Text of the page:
SUMMARY

This disclosure relates to methods, systems, and software for horizontal and vertical filtering of multi-domain business application models. For example, such software may comprise computer-readable instructions operable when executed to identify a first modeling domain and a second modeling domain for a business application. The software can then apply a filter to at least the first modeling domain to determine a subset of the first and second modeling domains and present the subset of one of the modeling domains to a client. In some situations, each modeling domain may be a user interface (UI) domain, a business process domain, or a data domain. Further, the first modeling domain can represent the particular domain in a first logical layer and the second modeling domain can represent the same domain in a second logical layer. In other cases, the first modeling domain can represent the particular domain in a first logical layer (such as the business process domain) and the second modeling domain can represent one of remaining domains in the first logical layer (such as the UI domain or the data domain). Moreover, in some implementations, the software can apply any suitable number of filters, whether vertical and/or horizontal, to any number of appropriate domains and layers.

The foregoing example software—as well as other disclosed processes—may also be computer implementable methods. Moreover, some or all of these aspects may be further included in respective systems or other devices for executing, implementing, or otherwise supporting horizontal and vertical filtering of multi-domain business application models. The details of these and other aspects and embodiments of the disclosure are set forth in the accompanying drawings and the description below. Other features, objects, and advantages of the various embodiments will be apparent from the description and drawings, as well as from the claims.

DESCRIPTION OF DRAWINGS

FIG. 1 illustrates an example system for horizontal and vertical filtering of graphical user interface (GUI) modeling domains in accordance with one embodiment of the present disclosure;

FIG. 2A depicts an example modeling environment in accordance with one embodiment of FIG. 1;

FIG. 2B depicts a simplified process for mapping a model representation to a runtime representation using the example modeling environment of FIG. 2A or some other modeling environment;

FIG. 2C provides an example model comprising a plurality of layers, which include a number of modeling domains in accordance with one embodiment of FIG. 1;

FIG. 2D provides an example of the model layers of FIG. 2C;

FIG. 3 is a flowchart illustrating an example method for horizontal and vertical filtering of modeling domains in accordance with one embodiment of the present disclosure; and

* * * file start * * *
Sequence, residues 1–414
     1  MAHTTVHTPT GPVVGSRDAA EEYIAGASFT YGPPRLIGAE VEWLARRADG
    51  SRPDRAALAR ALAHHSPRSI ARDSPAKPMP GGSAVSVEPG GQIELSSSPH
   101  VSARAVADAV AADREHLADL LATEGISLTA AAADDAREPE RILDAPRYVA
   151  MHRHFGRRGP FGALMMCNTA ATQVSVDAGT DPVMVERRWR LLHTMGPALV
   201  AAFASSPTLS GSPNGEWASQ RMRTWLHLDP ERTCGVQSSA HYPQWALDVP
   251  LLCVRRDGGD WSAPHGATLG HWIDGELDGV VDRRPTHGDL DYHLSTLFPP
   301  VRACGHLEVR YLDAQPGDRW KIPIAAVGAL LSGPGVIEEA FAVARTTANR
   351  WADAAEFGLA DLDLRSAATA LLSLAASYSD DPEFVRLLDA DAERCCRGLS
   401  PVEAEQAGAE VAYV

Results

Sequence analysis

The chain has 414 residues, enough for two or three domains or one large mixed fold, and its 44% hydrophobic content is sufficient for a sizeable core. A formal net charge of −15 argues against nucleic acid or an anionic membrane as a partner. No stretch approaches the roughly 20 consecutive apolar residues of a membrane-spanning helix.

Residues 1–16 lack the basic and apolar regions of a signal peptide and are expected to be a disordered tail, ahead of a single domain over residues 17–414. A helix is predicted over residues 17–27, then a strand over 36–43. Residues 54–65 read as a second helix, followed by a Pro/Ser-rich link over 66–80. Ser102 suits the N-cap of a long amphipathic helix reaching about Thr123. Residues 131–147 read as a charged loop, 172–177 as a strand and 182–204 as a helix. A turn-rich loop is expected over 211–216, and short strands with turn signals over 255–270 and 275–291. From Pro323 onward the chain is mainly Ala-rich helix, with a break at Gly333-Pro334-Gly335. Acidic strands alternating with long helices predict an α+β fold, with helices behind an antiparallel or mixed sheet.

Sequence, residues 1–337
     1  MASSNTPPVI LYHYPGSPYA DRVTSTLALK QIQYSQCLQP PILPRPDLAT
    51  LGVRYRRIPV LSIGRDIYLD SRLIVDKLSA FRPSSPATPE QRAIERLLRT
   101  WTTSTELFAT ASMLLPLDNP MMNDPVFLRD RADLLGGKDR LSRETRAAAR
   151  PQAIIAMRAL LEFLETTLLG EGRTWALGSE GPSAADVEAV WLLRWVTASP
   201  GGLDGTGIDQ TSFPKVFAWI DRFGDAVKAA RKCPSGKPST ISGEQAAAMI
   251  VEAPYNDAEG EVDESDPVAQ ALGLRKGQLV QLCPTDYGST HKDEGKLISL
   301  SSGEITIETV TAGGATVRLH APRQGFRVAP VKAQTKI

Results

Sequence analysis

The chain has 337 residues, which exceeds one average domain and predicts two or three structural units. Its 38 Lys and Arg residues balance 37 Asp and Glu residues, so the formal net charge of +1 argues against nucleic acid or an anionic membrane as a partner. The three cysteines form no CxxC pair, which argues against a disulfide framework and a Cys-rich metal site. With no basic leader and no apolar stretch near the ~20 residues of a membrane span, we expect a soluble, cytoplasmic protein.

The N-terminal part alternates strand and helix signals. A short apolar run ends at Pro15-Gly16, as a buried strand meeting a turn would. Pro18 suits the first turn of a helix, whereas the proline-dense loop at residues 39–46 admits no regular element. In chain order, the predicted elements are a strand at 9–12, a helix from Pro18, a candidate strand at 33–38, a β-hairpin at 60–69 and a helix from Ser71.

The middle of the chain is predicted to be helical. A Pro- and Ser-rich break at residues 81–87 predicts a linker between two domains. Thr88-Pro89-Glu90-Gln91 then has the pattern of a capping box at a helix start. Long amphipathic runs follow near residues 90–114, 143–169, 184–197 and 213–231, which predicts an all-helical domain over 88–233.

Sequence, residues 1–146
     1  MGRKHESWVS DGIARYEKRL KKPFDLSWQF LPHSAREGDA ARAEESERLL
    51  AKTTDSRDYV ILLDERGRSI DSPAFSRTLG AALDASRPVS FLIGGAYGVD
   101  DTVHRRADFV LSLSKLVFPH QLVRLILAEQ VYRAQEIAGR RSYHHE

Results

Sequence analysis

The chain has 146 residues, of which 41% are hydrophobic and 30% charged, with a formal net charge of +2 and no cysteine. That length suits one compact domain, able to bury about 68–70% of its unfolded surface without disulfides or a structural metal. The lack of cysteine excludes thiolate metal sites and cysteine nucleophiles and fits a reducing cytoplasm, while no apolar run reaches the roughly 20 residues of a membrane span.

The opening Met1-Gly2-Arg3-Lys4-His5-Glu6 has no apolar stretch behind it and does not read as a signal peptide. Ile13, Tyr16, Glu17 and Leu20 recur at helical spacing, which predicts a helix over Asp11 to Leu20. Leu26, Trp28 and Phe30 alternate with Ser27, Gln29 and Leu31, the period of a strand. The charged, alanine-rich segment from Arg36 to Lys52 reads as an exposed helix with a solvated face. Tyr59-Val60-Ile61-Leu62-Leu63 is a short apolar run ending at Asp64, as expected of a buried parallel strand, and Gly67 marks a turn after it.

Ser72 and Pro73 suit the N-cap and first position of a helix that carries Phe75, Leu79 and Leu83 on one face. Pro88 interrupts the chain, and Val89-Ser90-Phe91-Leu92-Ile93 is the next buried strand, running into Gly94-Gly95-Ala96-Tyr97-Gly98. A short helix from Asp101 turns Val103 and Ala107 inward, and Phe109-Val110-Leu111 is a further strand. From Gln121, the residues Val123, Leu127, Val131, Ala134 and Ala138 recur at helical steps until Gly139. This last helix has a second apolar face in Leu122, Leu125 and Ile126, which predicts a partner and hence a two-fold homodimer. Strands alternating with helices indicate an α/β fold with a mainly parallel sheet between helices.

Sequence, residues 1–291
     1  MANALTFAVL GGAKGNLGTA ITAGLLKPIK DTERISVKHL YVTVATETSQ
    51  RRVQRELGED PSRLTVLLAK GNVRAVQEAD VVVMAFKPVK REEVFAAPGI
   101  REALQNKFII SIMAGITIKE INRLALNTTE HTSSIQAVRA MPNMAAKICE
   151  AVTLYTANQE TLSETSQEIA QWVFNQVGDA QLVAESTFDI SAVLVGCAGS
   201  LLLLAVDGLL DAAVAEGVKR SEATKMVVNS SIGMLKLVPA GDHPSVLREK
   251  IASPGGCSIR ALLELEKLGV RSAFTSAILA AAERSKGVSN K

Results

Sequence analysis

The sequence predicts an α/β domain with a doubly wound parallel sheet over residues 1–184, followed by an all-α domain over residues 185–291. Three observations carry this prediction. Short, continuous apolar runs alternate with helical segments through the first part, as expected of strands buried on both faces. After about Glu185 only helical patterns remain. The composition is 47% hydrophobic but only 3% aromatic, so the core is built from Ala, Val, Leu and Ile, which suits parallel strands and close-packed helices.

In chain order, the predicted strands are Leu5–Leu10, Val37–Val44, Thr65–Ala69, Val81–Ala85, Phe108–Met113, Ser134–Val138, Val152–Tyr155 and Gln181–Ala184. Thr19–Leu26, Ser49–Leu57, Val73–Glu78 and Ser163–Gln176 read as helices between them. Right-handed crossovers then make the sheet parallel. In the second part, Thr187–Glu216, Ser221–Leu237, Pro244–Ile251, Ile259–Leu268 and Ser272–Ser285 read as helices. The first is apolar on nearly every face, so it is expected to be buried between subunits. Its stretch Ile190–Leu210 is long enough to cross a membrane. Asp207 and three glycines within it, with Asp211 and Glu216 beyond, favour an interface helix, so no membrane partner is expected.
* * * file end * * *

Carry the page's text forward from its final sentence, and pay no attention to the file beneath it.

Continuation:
FIGS. 4A-G illustrate example filter views in accordance with one embodiment of the present disclosure.

DETAILED DESCRIPTION

This disclosure generally describes an example environment 100 for creating, managing, and implementing horizontal and vertical filtering for multi-domain business models. At a high level, the model is a representation of a software system, part of a software system, or an aspect of a software system. The model can be associated with one or more views. A view of the model represents a subset of the information in the model. For purposes of discussion, the term “model” will be used to refer to both the model or a view of the model. The model can be used in a software development process to describe or specify a software application, or parts or aspects of a software application, for developers implementing or modifying the application. The model specifies the design to a useful level of detail or granularity. In this way, a compliant implementation or deployment of the modeled functionality can conform to the specification represented by the model. For example, the model may represent a sequence of steps, executed to achieve a business result. According to the particular design, each step can result in the change of state of a business object. Business processes can be part of, triggered by, and superior to other business processes. Business processes can be modeled in a hierarchy. As described herein, the business process hierarchy includes a requirements definition, design specification, and implementation description level, but other ways of defining a business process or other view hierarchy are possible. Thus, the models described herein can be written in description notations appropriate for process modeling. As described in more detail below, the model may include any number of logical layers, each of which include one or more domains and represent a logical category of modeling such as high level business views, system independent process views, and implementation views. Each layer may be considered a sub-model or a model in its own right that can be bound with other layers/models. Moreover, each logical layer can—in some cases—be bound with a plurality of lower layers, such as one system independent process view being bound to a number of disparate, but similar, implementation views. Often, the domains in one layer substantially match the domains in other bound layers.

To facilitate the ease of understanding or utilization of such models, environment 100 may provide various filters 106 based on different tasks, personal preferences, and personal technical and business knowledge of a model. For example, environment 100 may provide a user with different (horizontal or vertical) filters that allow him to easily find parts of the business process for his specific task or need. Such filters may also support different preferences of different user types. Using one or more of these filters, the user can drill down into more technical (or lower) levels or focus on the higher levels which are less technical and more business driven.